Calling all those wildflower lovers! Now is the time to hit this hike if you're looking for some gorgeous spring wildflower action. The great thing about this particular trail is that you can stop whenever you want to. The first mile takes you through a wide-open meadow, perfect for a pup or kids to run. It does quickly gain some elevation though, which means as you look back you can get some pretty beautiful views looking outward over the Gallatin Valley! Now most people don't complete the loop. They often hike up for the views and then go back the way they came. That means if you do the complete loop, there's a good chance you'll be the only one on the trail. You get a little bit of everything on this hike: meadows, flowers, forest, elevation gain, and beautiful views. This definitely has a little something for everyone!

Hike Distance: 3.4 miles

Elevation Gain: 735 feet

 

 South Fork Spanish Creek Trail

Spanish Creek Trail Hike

 

Of the five, the South Fork Spanish Creek Trail might be the most trafficked, but we'd be remiss if we didn't recommend a hike somewhere in Gallatin Canyon. The drive down Highway 191 offers so many awesome hiking opportunities. This one is pretty great because, again, it gives you options. If you'd like a relaxing adventure with kids or dogs, the first 2-3 miles of this hike are fairly easy. They follow the creek and are easy to enjoy. If you want to push yourself a little further, you can traverse all the way up to Mirror Lake. The most strenuous part of this trail is probably the last 2 miles. This is bear country, so we recommend bringing bear spray and making plenty of noise along your way. This trail is also open to horseback riders, so exercising proper trail etiquette is a must. And watch out for horse poop!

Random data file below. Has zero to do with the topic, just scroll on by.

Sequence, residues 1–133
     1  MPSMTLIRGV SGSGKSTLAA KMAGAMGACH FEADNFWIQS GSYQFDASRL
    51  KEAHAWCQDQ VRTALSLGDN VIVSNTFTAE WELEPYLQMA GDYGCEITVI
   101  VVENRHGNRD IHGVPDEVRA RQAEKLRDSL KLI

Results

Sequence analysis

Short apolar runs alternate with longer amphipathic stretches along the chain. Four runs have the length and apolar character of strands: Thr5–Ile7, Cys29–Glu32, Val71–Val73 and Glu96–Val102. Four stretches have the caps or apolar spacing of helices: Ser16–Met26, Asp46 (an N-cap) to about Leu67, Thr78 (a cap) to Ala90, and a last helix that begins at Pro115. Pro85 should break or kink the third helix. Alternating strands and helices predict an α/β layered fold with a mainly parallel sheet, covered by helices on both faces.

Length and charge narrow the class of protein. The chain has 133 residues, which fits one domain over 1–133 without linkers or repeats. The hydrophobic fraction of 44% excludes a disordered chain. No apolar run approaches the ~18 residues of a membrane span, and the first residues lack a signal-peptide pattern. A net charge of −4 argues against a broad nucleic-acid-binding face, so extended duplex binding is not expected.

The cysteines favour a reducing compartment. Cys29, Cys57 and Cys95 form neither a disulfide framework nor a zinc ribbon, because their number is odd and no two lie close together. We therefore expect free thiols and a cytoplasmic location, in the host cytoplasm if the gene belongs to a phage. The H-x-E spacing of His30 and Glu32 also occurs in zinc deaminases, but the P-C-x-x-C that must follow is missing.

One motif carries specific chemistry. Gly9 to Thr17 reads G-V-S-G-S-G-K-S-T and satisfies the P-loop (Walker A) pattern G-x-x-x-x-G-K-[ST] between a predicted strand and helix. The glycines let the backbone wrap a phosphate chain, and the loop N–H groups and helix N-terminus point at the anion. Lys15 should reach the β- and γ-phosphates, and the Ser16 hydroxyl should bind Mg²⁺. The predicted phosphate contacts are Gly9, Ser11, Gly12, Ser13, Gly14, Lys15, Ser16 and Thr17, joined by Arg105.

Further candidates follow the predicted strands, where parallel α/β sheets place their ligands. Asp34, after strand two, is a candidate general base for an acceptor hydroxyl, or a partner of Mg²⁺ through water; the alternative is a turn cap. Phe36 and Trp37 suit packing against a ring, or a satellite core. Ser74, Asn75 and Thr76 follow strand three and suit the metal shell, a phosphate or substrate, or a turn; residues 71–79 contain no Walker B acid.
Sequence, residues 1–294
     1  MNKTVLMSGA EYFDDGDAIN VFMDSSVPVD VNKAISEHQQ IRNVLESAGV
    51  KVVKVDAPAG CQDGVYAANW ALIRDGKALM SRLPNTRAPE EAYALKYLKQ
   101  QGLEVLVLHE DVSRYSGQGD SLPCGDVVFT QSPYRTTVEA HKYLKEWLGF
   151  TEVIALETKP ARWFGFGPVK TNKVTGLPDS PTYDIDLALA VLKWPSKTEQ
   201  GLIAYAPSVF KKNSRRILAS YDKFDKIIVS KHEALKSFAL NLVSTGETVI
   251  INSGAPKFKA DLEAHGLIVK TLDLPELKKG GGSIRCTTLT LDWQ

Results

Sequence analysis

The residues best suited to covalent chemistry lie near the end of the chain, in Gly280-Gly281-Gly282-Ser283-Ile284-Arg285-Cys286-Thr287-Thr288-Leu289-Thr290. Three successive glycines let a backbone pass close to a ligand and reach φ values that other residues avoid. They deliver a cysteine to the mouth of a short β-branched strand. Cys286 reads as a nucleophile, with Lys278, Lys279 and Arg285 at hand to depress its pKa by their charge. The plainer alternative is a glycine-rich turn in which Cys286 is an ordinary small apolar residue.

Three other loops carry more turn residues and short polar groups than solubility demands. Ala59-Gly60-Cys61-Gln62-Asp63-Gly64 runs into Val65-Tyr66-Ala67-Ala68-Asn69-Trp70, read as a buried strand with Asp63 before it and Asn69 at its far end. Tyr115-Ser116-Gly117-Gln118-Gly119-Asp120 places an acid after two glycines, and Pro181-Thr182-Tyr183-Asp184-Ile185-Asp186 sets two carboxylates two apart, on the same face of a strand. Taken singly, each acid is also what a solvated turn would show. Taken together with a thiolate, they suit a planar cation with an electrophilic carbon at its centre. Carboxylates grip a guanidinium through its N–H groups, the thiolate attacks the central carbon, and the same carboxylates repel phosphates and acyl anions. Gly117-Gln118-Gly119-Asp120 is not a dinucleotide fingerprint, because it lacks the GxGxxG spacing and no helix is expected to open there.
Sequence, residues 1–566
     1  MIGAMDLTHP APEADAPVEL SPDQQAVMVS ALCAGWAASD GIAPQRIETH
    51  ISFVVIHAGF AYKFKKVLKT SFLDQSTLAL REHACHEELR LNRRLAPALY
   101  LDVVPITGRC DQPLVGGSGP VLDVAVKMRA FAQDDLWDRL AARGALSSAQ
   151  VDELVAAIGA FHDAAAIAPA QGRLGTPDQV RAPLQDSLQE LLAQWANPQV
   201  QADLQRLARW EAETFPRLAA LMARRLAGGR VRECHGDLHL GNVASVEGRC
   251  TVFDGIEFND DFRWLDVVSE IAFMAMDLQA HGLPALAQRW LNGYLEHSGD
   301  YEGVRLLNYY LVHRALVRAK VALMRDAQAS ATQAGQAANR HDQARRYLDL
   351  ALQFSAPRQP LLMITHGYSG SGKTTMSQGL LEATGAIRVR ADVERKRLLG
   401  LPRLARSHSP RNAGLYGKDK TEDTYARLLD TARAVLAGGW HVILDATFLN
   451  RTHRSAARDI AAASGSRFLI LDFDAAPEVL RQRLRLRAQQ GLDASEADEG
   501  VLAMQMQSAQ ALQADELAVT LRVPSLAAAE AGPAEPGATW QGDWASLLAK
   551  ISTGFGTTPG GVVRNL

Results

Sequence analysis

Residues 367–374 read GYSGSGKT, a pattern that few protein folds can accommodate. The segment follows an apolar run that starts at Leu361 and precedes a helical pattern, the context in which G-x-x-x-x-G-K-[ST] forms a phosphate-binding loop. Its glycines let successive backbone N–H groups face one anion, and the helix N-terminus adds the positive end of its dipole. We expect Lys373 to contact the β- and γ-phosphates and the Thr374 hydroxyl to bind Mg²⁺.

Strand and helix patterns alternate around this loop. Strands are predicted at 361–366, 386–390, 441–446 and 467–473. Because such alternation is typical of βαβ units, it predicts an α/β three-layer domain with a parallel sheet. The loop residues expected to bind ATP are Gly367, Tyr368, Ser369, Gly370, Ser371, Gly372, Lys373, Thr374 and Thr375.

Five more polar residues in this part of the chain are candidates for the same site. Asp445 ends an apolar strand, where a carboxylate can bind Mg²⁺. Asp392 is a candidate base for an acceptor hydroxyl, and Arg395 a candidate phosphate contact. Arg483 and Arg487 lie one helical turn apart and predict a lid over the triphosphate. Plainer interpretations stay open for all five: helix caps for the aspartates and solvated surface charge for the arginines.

Hike Distance: 7.5 miles (to Mirror Lake)

Elevation Gain: 2,256 feet (mostly in the last half)

 

 Jackson Creek Trail

Jackson Creek Trail

 

This trail is particularly fun because it combines a beautiful drive with a beautiful hike. Located in the Bridger Mountains, locals belief there's much less of a bear presence (if any) in those mountains, so if bears worry you, this is the place to go. The drive takes you along Jackson Creek Road, following he curly creek through some pretty forest land. The actual trailhead is a ways up the road but offers some neat views and good chances at seeing wildlife. In all honesty, you won't find a lot of information about this trail online. It's one you actually have to drive up to and experience. Also, this trail is used by dirt bikers in the warmer months, so it's something to be mindful of should you head out on this excursion. Taking all of that into consideration, this unique hike is definitely worth the travel! 

Hike Distance8 miles

Elevation Gain: unknown

 

As with any outdoor experience, make it your own. Pay less attention to the hike distances and elevation gains, and more attention to the beauty and splendor around you. Don't be intimated by long hikes. Stop and turn around when you need to. Most of all, enjoy yourself. Montana has so much to offer hikers!

 

By: Cassi Miller

Photos Courtesy of AllTrails.com

Video Courtesy of Montana State Parks